See FHWA’s CRCP Design and Construction Guidelines for the references included in this page. A new, more comprehensive FHWA CRCP Design, Construction, Maintenance and Rehabilitation manual is currently under development and this page will be updated upon its release in the spring of 2016.
Field studies have found that transverse crack locations often coincide with the location of the transverse steel, particularly when the steel is placed in two layers. Although transverse steel can be omitted, all States that actively build CRCP use transverse steel. When used, transverse steel serves to:
- Support and maintain the specified spacing of longitudinal bars in position. Usually, longitudinal bars are tied or clipped to transverse steel at specified locations.
- Act as tiebars across longitudinal joints in lieu of conventional tiebars (although this is not often done, as transverse steel may terminate prior to reaching the longitudinal joint and a typical tiebar is used across the joint).
- Hold longitudinal cracks closed tightly to mitigate punchouts from forming.
Causes of uncontrolled longitudinal cracking include late sawing, shallow sawing, improperly installed joint inserts, or a swelling subbase or subgrade.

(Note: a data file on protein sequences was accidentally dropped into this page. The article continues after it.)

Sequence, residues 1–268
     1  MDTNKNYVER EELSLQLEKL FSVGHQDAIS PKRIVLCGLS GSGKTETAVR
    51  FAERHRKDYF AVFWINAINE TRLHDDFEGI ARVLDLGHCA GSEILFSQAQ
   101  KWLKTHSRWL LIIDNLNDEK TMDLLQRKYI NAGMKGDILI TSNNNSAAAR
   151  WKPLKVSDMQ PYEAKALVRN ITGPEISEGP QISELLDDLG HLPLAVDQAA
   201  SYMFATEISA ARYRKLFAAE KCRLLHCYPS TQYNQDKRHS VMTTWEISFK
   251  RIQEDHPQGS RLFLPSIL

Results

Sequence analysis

Bar Size and Quantity
Transverse steel reinforcement should be #4, #5, or #6 Grade 60 (#13, #16, or #19 Grade 420) deformed bars meeting the same specifications as the longitudinal reinforcement and normally spaced at standard increments of 12, 24, 36 or 48-in (0.3, 0.6, 0.9, or 1.2 m).
Transverse bars that overlap into the adjacent lane width can be staggered to function as tiebars across the longitudinal joint at a closer spacing along the middle of the paving width. For example, transverse bars spaced at 2 ft (1.2 m) and staggered in adjacent lanes would overlap the center joint by one-half the normal tiebar length and result in effective tiebar spacing of 2 ft (0.6 m),